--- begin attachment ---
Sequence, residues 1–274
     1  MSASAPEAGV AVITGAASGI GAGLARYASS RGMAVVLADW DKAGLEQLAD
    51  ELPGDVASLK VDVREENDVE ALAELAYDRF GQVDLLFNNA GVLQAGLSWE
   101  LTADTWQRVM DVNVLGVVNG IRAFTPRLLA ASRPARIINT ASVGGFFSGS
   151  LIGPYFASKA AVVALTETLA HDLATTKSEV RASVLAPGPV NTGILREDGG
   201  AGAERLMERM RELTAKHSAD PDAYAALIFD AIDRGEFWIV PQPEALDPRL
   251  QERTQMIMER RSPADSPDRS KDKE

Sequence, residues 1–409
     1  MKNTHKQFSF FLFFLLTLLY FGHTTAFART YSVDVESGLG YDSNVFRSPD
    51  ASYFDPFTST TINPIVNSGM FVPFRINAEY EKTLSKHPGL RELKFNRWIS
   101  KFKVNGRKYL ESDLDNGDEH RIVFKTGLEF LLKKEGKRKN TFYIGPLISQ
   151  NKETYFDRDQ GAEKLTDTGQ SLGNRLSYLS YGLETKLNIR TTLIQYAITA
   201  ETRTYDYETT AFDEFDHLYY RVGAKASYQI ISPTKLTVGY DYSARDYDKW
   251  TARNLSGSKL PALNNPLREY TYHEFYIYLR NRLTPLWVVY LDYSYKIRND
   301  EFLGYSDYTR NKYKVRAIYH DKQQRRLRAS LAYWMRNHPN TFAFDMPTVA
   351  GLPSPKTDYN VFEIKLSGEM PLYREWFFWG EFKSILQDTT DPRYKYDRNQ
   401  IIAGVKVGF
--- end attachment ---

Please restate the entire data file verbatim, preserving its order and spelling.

Sequence, residues 1–274
     1  MSASAPEAGV AVITGAASGI GAGLARYASS RGMAVVLADW DKAGLEQLAD
    51  ELPGDVASLK VDVREENDVE ALAELAYDRF GQVDLLFNNA GVLQAGLSWE
   101  LTADTWQRVM DVNVLGVVNG IRAFTPRLLA ASRPARIINT ASVGGFFSGS
   151  LIGPYFASKA AVVALTETLA HDLATTKSEV RASVLAPGPV NTGILREDGG
   201  AGAERLMERM RELTAKHSAD PDAYAALIFD AIDRGEFWIV PQPEALDPRL
   251  QERTQMIMER RSPADSPDRS KDKE

Sequence, residues 1–409
     1  MKNTHKQFSF FLFFLLTLLY FGHTTAFART YSVDVESGLG YDSNVFRSPD
    51  ASYFDPFTST TINPIVNSGM FVPFRINAEY EKTLSKHPGL RELKFNRWIS
   101  KFKVNGRKYL ESDLDNGDEH RIVFKTGLEF LLKKEGKRKN TFYIGPLISQ
   151  NKETYFDRDQ GAEKLTDTGQ SLGNRLSYLS YGLETKLNIR TTLIQYAITA
   201  ETRTYDYETT AFDEFDHLYY RVGAKASYQI ISPTKLTVGY DYSARDYDKW
   251  TARNLSGSKL PALNNPLREY TYHEFYIYLR NRLTPLWVVY LDYSYKIRND
   301  EFLGYSDYTR NKYKVRAIYH DKQQRRLRAS LAYWMRNHPN TFAFDMPTVA
   351  GLPSPKTDYN VFEIKLSGEM PLYREWFFWG EFKSILQDTT DPRYKYDRNQ
   401  IIAGVKVGF